WHAT TO WATCH: U.S. inflation for March at 8:30 a.m. will probably show a slight pickup in the month-to-month headline rate and no change from February's zero year-to-year figure (see a full preview). At 10 a.m., the University of Michigan's first consumer-confidence reading for April is likely to show a modest rebound after a decline in March. The Conference Board's leading index, also at 10 a.m., will probably show momentum edging up to a three-month high.
ECONOMICS: U.K. jobless-benefit claims fell to the lowest rate in 40 years and underlying pay growth accelerated, giving an electoral boost to Prime Minister David Cameron. The euro-area inflation rate was unchanged at minus 0.1 percent in March, final data for the month showed. European Central Bank Governing Council member Jens Weidmann and German Finance Minister Wolfgang Schaeuble give a press briefing in Washington.
GOVERNMENT: The IMF and World Bank spring meetings begin, with finance officials and central bankers today due to discuss issues including infrastructure spending and development finance. U.S. Treasury Secretary Jack Lew gives a news conference after the meetings, and separate gatherings of G-20 officials, at 5:30 p.m.
MARKETS: The dollar ended the week down against all of its major counterparts after U.S. data on housing, factories and retailers disappointed.
U.K. jobless-benefit claims fell to the lowest rate in 40 years and underlying pay growth accelerated. According to the last labor-market report before the general election on May 7, the claimant count fell for a 29th month in March to 2.3 percent, the lowest since 1975. A wider measure of unemployment fell to 5.6 percent the three months through February, the lowest since 2008, the Office for National Statistics said in London. Annual wage growth excluding bonuses accelerated to 1.8 percent in the three months through February from 1.6 percent in the period through January.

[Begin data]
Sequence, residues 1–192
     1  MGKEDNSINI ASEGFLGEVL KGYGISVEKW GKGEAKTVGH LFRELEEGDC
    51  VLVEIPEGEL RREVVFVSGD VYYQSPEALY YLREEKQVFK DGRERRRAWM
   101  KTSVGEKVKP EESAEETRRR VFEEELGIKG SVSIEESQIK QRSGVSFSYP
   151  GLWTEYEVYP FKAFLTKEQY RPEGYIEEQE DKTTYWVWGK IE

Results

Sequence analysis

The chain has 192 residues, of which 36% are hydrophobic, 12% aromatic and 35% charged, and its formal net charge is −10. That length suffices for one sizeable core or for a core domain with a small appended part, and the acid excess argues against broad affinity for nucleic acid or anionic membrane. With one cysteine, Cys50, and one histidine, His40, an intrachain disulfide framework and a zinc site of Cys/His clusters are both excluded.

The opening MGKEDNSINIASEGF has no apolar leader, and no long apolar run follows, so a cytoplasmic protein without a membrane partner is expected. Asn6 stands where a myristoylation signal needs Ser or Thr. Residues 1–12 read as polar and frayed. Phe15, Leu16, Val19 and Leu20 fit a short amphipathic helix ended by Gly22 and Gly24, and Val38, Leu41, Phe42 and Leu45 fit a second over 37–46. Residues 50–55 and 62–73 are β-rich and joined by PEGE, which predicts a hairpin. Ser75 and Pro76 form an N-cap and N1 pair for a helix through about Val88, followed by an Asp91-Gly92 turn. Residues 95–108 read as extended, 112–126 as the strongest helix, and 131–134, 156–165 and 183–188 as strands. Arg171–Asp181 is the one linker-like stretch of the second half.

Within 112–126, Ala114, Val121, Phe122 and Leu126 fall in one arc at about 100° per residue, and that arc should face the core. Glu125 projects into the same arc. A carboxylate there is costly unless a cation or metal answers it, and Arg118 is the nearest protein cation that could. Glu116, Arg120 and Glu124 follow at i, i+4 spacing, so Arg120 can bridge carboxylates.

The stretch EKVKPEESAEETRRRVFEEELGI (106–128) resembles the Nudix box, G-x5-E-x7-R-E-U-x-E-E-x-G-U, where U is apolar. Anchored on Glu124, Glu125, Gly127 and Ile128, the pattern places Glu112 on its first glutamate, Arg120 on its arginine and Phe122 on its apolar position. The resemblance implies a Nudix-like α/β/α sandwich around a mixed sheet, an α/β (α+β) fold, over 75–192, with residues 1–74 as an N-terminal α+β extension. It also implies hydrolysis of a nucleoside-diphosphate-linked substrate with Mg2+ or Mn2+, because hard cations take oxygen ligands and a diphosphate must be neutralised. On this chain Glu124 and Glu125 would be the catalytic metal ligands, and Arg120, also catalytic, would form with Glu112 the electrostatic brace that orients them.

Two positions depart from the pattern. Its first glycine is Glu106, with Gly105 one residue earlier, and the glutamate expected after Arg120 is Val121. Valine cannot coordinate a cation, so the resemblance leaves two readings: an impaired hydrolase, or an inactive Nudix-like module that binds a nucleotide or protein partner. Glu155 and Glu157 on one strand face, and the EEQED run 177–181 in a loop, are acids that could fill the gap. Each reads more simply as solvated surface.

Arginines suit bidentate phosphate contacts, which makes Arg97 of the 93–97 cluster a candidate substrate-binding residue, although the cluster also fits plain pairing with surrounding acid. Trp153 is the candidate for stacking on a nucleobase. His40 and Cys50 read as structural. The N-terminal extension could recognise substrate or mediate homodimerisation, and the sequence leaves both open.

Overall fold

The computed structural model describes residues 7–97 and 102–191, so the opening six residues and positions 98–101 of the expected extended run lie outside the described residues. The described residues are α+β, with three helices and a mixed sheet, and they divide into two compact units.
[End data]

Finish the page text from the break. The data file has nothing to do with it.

Consumer prices in the euro area declined 0.1 percent in March from a year earlier, in line with the previous estimates, a final reading showed. Consumer prices rose 1.1 percent in the month from a previous reading of a 0.6 percent increase.
U.K. home-price inflation slowed to the least in more than a year last month as uncertainty surrounding next month's election damped activity. Prices rose an annual 5.6 percent, down from 6.8 percent in February and marking the smallest increase since November 2013, LSL Property Services and Acadata said in a report. While sales increased almost 12 percent, this was half the increase expected during the spring property season, they said.
- "We've become a bit more cautious over the past few months because markets have been rallying pretty rapidly," said Dirk Thiels, head of investment management at KBC Asset Management. "Expectations for an earnings rebound in Europe make sense, but valuations are pricing in a lot. Stocks are still pretty close to a record. The major macro thing at play now is the Greek saga. There's a low chance of a Greek exit, but anything between that and a full-fledged rescue is also possible."
- Cheaper valuations of Chinese companies' Hong Kong-quoted class-H shares ¿ compared with the China-listed, yuan-denominated class-A shares ¿ will persist for at least another three to six months, said George Philips, CEO of Northwest Investment Management (HK).
- Argentine local peso futures controlled by the central bank can serve as a hedge against an expected devaluation, according to Mauro Roca, an economist at Goldman Sachs Group.
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